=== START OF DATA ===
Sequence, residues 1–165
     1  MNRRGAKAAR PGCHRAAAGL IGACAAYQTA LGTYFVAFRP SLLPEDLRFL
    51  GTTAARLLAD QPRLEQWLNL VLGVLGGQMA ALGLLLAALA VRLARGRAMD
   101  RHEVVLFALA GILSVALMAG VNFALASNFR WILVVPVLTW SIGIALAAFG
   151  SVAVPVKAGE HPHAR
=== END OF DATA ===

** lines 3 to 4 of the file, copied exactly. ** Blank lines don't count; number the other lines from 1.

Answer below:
    51  GTTAARLLAD QPRLEQWLNL VLGVLGGQMA ALGLLLAALA VRLARGRAMD
   101  RHEVVLFALA GILSVALMAG VNFALASNFR WILVVPVLTW SIGIALAAFG